A review of Courage of Fear By Barbara Boyer

Reviewed by Paul Kane

Courage of Fear
By Barbara Boyer
Ocean-Moon Publishing
Paperback: 188 pages, December 20, 2008, ISBN-13: 978-0615203638

Barbara Boyer’s debut novel is an unusual love story, or an unusual story wherein love – pace Symposium and Diotima – takes a starring role. At its centre is a somewhat precious relationship between Angela and Jackson, Boyer’s two principal characters, and the novel touches on issues such as loss and bereavement, return to the world and rebirth. Overall, it’s a rocky ride, but a rewarding one.

The story is told in 49 relatively short chapters, most 2 or 3 pages long, each a discrete narrative strand. The sharp intercutting of perspective generally serves to heighten suspense, and it moves the story along effectively enough. However, toward the end of chapter 31 it is overused; this feels like the remnants of a screenplay.

There’s a metaphysical dimension to Boyer’s story, and the reality in which it takes place is intriguing – again, pace Symposium and Diotima. But even if you don’t buy into the author’s romanticism, there’s a down-to earth grittiness to enjoy; though one would have liked to see more of this. ‘Get off the cross, honey. We need the wood’ is Martha’s priceless, and fully warranted, advice to the sometimes (IMHO) insufferable Angela. In general, Boyer’s minor characters (and Martha, Lizzie and Sammy in particular) are a triumph.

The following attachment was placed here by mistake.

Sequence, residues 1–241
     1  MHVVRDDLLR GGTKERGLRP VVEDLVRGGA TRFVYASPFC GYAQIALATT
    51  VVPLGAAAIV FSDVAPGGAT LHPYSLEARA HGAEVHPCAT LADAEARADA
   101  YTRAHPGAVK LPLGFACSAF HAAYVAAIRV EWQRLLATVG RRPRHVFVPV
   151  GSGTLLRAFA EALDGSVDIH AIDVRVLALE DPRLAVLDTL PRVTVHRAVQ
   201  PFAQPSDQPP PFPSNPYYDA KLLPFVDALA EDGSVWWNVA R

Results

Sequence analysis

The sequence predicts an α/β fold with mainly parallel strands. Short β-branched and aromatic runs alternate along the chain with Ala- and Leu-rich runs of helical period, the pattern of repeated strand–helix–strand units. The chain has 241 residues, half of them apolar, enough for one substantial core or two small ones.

Courage of Fear is a fascinating offering from a writer with an already individual voice. Read it to be in there on the ground floor, for it is a sure harbinger of much good work to follow.

About the reviewer:Paul Kane lives and works in Manchester, England. He welcomes responses to his reviews and you can reach him at ludic@europe.com